Can you stain over polyurethane? You must be wondering! Here’s what you need to know…
Whether you can apply stain over polyurethane is a question that a lot of woodworkers have so you are not alone.
I’d like to let you know that though it’s not a common practice; you can apply stain on polyurethane; the stain must be gel stain.
The gel stain does not penetrate like a stain; hence you won’t get the same grain patterns.
The gel stain is more like opaque paint. So, if you want to change the color without stripping, then gel stain is what you need.
Polyurethane is an excellent finish for that wood fence, table, or piece of furniture you have been working on.
Most people prefer to use it as a coat after applying stain as it protects your wood from scratches or water penetration that may damage your wood.
Staining over polyurethane is possible but with some conditions. Read on as this article gives you more information on how best to stain on top of a polyurethane finish.
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Types of Wood Stain
Staining your wood is an exciting activity you can do after finishing the construction of your structure.
While staining is not mandatory, you may need to do it if you want to protect your wood projects from unnecessary damage.
Besides, staining your woodwork will also give you an attractive appearance, not to mention the aesthetic angle you will also achieve.
Also, note that wood stains often contain chemicals that may be dangerous to your health; always remember to take the necessary precautions while applying it.
But what exactly is this wood stain? A wood stain is a liquid, powder, or gel applied to protect your wood surface. It comes in various types, which are discussed below:
- Oil-based wood stain. Oil-based wood stain is the most common stain woodworkers use. It is preferred because of its deep wood penetration and durability.
Linseed oil with varnish is a common component in an oil-based stain. Linseed oil is a non-toxic and natural oil that works best to maintain your wood finish or your pain.
You can easily distinguish your oil-based stain from others because of its thinning by mineral spirits.
You will most likely find mineral spirits in your wood stain description, listed as ‘petroleum distillates.’ The mineral spirits are a solvent used in manufacturing an oil stain.
Depending on the manufacturing company, synthetic pigments are also common in some oil stains. Iron oxide and dyes, also referred to as wiping stains, are common synthetic pigments in oil stains.
Oil stains for commercial purposes contain a ‘binder’ as a third ingredient. The binder, any kind of resin, helps bind the pigments to a wood surface.
Linseed oil is the most used binder. It is treated with several special acids, which prevent it from penetrating your wood surface deeply.
Although it goes unsaid, many manufacturers add a thickening agent to oil stains. The agent, just like the acid, is used to control an oil stain penetration.
Be sure to confirm the ingredients when selecting an all-natural oil-based stain. Doing so informs you of the stain’s compatibility with your wood.
It takes 2-3 hours for your oil stain to dry up, after which you can add another coat. Wait for 9-10 hours, then apply your wood finish. A
Also, remember to dry your stain under room temperature for the best results.
- Water-Based Stain. Rather than organic thinners, a water-based wood stain often uses water. Water stains are present in the stain, adding color to your wood. The stain is often formed from powdered chemical dyes from coal and tar.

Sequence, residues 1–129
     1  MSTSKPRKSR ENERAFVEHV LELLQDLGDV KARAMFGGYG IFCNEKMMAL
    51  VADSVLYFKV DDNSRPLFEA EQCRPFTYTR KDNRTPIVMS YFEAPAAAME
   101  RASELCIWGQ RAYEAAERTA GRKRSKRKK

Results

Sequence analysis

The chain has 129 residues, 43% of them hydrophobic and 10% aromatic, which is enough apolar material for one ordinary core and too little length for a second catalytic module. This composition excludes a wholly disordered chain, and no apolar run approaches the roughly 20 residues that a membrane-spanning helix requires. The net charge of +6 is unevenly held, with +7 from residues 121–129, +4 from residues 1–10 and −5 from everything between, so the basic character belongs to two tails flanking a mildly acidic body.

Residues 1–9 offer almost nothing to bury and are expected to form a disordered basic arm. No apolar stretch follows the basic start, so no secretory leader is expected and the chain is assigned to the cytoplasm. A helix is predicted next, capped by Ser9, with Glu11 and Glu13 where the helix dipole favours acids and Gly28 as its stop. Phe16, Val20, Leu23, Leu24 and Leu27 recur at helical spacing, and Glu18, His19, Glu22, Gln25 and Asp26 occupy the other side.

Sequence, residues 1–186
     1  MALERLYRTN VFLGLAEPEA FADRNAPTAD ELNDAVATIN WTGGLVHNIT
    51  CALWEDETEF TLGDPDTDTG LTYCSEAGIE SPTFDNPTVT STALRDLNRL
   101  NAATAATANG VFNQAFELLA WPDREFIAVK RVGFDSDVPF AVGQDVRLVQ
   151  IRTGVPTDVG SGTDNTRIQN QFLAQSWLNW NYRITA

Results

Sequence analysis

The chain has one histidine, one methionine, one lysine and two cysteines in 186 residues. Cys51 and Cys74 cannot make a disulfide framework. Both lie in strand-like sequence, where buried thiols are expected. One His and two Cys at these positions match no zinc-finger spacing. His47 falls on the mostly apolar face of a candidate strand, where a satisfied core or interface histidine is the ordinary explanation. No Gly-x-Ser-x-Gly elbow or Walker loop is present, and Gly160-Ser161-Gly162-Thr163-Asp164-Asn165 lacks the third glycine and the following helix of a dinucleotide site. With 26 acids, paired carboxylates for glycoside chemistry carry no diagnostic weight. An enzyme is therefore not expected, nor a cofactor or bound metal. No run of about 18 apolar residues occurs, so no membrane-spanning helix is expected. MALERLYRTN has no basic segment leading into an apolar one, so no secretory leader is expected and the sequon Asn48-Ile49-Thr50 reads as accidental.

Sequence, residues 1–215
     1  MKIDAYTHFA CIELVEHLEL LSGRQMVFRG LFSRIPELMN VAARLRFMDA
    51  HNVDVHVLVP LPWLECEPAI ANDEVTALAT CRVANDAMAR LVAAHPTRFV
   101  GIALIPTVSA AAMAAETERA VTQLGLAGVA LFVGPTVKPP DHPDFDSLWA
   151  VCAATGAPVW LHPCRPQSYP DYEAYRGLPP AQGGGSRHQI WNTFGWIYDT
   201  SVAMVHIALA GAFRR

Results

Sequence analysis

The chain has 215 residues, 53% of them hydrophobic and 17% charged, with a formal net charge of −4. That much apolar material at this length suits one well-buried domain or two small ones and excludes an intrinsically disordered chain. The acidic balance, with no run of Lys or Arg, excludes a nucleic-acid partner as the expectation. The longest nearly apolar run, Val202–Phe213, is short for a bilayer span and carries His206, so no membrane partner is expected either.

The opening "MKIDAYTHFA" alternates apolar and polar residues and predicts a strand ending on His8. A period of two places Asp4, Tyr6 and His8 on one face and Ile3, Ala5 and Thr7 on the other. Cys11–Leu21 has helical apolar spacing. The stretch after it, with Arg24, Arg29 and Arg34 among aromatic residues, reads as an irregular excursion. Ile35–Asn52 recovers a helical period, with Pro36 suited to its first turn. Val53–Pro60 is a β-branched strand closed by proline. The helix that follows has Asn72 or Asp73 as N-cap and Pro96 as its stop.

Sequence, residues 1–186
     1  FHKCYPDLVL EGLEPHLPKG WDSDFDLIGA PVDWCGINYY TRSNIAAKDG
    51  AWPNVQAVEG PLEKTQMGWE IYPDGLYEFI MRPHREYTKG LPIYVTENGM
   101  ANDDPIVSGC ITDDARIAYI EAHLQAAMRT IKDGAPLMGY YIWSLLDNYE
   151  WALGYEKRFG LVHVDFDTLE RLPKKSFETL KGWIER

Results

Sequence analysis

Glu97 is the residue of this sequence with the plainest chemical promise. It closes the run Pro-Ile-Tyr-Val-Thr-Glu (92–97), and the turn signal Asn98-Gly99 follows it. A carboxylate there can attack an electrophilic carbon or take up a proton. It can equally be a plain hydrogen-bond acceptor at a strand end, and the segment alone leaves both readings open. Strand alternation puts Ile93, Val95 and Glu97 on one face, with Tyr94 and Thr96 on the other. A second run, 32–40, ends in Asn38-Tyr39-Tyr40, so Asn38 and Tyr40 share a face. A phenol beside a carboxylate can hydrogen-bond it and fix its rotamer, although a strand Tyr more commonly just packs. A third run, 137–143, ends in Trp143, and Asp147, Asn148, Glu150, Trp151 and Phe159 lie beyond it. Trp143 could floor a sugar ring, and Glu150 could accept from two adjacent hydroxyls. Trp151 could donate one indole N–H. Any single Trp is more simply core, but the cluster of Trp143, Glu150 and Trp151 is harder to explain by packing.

The water-based stains stain high-quality pigments which enhance the grain of your wood.
Water-based stains are so eco-friendly that they contain less polluted particles. Water stains do not emit any volatile organic compounds.
Applying water-based stain is simple; clean your wooden surface, smoothen it with sandpaper, and you will be ready to apply the first coat.
A water-based stain dries up more quickly compared to an oil stain. It also gives you excellent wood protection as they don’t penetrate deeply into the wood.
The water-based stain’s con is that it will consume most of your time.
Use a water-based stain when working on hard to work on wood surfaces like birch, pine, or oak.
- Lacquer Stain- Lacquer stain is mainly used by professional woodchoppers. It is commonly used because of its quick-drying properties.
Lacquer stains are formed with xylene and ketones, making them dry faster than other stains. The two elements are mixed, forming a pigmented lacquer.
Despite the quick-drying ability, the xylene and ketones elements produce a strong odor. Therefore, when working with this stain, always wear a protective mask to avoid inhaling it. The xylene and ketones elements penetrate the woods; thus, you will only need a maximum of two coats.
The disadvantage of the lacquer stain is that staining may cause bubbles on your wood surface, which won’t look very attractive.
However, you can minimize the bubbles by drying the stain at a wood temperature or using a thinner.
Choose a lacquer stain if you need your staining quickly done and if you are a professional. It also works best on wooden floors.
- Gel Stain- Gel stains are either oil-based or varnish-based. They have a high viscosity and thick pigments. Despite being messy, gel stains will create a splotch-free coat, making it a time-consuming option. Gel stains have been in the market since the 20th century.
The high viscosity nature of a gel stain limits its penetrating ability. On the positive, this feature makes it possible for application on permeable and non-permeable timber.
Work on a well-ventilated space when using a gel stain. Also, wear protective gear to avoid damage or injury to your body.
Test the stain on a small wood surface for sampling.